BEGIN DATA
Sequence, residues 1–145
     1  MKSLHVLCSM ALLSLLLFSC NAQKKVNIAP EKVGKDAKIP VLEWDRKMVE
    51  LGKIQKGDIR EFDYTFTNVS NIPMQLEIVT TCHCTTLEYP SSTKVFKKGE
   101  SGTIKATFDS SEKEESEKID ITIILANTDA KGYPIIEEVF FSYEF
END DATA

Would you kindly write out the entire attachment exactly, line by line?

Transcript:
Sequence, residues 1–145
     1  MKSLHVLCSM ALLSLLLFSC NAQKKVNIAP EKVGKDAKIP VLEWDRKMVE
    51  LGKIQKGDIR EFDYTFTNVS NIPMQLEIVT TCHCTTLEYP SSTKVFKKGE
   101  SGTIKATFDS SEKEESEKID ITIILANTDA KGYPIIEEVF FSYEF